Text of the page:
9

Given these two test cases:

func TestEqualWhat(t *testing.T) {
    testMarshalUnmarshal(t, map[string]interface{}{"a":"b"})
    testMarshalUnmarshal(t, map[string]interface{}{"a":5})
}

Where the testMarshalUnmarshal helper just marshals to json and back out:

func testMarshalUnmarshal(t *testing.T, in map[string]interface{}) {
    //marshal the object to a string
    jsb, err := json.Marshal(in);
    if err != nil {
        log.Printf("Unable to marshal msg")
        t.FailNow()
    }

    //unmarshal to a map
    res := make(map[string]interface{})
    if err := json.Unmarshal(jsb, &res); err != nil { t.FailNow() }

    if !reflect.DeepEqual(in, res) {
        log.Printf("\nExpected %#v\nbut got  %#v", in, res)
        t.FailNow()
    }
}

Why does the first test case pass and the second fail? The output of the test is this:

Expected map[string]interface {}{"a":5}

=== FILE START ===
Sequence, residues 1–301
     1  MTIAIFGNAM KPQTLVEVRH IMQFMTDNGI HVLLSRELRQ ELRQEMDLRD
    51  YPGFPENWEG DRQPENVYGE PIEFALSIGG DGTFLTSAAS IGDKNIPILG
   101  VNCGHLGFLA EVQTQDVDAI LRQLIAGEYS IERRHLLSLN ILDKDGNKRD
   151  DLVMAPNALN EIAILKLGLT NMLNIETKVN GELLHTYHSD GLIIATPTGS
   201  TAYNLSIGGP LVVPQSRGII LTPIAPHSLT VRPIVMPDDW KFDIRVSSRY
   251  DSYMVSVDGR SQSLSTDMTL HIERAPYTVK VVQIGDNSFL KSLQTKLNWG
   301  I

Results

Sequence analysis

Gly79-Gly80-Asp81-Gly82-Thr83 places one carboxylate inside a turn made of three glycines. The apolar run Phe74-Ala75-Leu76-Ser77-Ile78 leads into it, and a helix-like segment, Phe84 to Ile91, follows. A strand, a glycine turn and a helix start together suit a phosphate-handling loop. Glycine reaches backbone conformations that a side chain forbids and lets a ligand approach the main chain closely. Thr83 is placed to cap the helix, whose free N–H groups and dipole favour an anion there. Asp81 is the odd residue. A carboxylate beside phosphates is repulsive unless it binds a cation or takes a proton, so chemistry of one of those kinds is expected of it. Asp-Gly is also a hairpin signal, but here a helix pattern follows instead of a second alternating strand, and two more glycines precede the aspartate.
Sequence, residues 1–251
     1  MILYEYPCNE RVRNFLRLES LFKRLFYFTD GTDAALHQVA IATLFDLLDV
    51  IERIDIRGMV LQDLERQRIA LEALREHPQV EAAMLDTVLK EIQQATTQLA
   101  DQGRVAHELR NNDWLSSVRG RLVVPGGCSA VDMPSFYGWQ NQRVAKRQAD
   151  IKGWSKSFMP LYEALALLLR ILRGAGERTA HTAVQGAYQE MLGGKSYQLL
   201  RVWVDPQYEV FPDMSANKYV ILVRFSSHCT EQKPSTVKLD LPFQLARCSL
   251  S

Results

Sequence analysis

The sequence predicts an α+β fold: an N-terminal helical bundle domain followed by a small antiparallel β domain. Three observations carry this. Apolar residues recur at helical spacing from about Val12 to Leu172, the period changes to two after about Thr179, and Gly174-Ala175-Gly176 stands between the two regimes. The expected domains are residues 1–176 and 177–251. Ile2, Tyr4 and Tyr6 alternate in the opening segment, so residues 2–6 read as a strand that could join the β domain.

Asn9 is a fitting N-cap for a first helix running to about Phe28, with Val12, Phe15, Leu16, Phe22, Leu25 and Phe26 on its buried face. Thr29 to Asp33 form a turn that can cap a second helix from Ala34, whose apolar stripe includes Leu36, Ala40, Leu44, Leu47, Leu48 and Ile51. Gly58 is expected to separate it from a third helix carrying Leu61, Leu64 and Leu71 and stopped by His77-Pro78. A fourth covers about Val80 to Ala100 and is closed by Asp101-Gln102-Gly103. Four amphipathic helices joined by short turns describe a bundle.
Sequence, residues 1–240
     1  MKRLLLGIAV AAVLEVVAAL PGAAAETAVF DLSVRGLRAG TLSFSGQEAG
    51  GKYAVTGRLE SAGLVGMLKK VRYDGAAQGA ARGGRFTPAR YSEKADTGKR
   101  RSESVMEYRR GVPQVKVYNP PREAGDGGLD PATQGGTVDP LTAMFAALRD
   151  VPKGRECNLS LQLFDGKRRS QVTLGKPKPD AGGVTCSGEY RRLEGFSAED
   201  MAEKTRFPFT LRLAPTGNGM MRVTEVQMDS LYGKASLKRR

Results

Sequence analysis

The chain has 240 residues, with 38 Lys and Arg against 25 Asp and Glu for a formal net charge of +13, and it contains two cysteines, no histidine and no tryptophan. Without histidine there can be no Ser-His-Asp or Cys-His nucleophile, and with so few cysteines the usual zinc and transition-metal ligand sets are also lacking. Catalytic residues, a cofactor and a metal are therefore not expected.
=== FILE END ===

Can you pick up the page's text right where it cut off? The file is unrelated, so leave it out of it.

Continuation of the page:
but got  map[string]interface {}{"a":5}
--- FAIL: TestEqualWhat (0.00 seconds)

Here is similar code on the go playground so you can have a hack at it easily.

15

I figured it out! JSON only has one numerical type, which is floating point, so all integers are converted to Float64 in the marshal/unmarshal process. So, in the res map, the 5 is a float64 instead of an int.

Here is a go playground that provides context and evidence of what I'm talking about.

Your Answer

By clicking “Post Your Answer”, you agree to our terms of service, privacy policy and cookie policy

Not the answer you're looking for? Browse other questions tagged or ask your own question.